We should try to love all people, but in practical terms our focus is a bit limited to those we encounter on a regular basis. I could see someone in the newspaper like a politician and be judgmental about his behavior, like if he groped women or took bribes or something, and maybe I should try to be more compassionate towards him. But in terms of actually trying to “love my neighbor”, the politician isn’t anywhere near me, maybe five states away and I don’t know him, so I’m probably not going to be reaching out trying to love him. The most I could do for him might be to pray for him and not post snarky things on the Internet about him. On the other hand, when the person in question is my next-door neighbor who is being hard to get along with, then there are a lot more opportunities for “loving my enemy” because I actually know the person, have interactions with them etc.


#15

Screwtape letters actually talked about this! Lewis used it to point out that one error in trying to “love your enemies” is focusing on big bad out there enemies - enemies where there is little more either way than how we happen to feel about them. That Satan’s tactic is to try to push all our love and forgiveness out there to the people we’ll never actually meet, while allowing our petty hatred and jealousy to flourish with those closest to us.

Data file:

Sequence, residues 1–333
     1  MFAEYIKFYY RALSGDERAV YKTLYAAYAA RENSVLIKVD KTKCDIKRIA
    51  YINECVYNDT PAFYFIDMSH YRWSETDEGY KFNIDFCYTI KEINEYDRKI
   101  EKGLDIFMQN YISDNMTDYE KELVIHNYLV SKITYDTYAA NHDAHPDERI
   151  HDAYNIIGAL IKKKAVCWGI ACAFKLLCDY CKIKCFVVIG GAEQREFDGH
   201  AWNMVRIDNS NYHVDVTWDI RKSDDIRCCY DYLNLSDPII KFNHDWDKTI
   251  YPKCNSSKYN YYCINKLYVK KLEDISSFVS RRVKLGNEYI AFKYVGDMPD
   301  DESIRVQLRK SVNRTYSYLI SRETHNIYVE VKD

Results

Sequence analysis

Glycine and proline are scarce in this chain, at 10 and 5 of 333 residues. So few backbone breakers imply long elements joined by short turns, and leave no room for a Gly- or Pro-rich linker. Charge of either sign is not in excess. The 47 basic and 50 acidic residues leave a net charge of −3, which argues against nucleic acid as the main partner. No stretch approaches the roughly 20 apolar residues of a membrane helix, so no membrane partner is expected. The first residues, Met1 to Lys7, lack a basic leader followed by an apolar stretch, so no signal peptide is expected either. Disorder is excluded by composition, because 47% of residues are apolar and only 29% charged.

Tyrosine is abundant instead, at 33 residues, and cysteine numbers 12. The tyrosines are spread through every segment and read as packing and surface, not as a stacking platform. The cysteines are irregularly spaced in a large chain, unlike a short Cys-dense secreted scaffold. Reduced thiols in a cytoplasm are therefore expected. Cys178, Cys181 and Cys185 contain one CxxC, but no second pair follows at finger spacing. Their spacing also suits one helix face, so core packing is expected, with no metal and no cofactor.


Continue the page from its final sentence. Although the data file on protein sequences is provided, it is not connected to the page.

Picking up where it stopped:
#16

Lol, why would anyone bother wasting time reading the Fishwrap?

The only thing Fishwrap is good for is using it to start a fire. Or maybe lining the cage of a small animal. Or using it to actually wrap fish. Or in an emergency using it as toilet paper.

I’d sooner see people reading Playboy rather than Fishwrap. At least with Playboy, you know where they stand. Fishwrap is a combination of propaganda, psy-op, and deception, dressed in sheeps clothing.


#17

I don’t see or agree how it is judgmental to disapprove of people doing things like sexual harrassment, rape, violence.


#18

We have to balance judgement with mercy, and mercy with judgement.

To call someone out on sins without compassion and mercy is no better then ignoring sin.

Discernment or judgement is not a negative thing. It can become negative if not balanced as above.


#19

Some act like it is worse or better. It is better to be given a harsh truth or a sweet lie. The person who loves you will always tell you the truth.


#20

We judge actions, not people.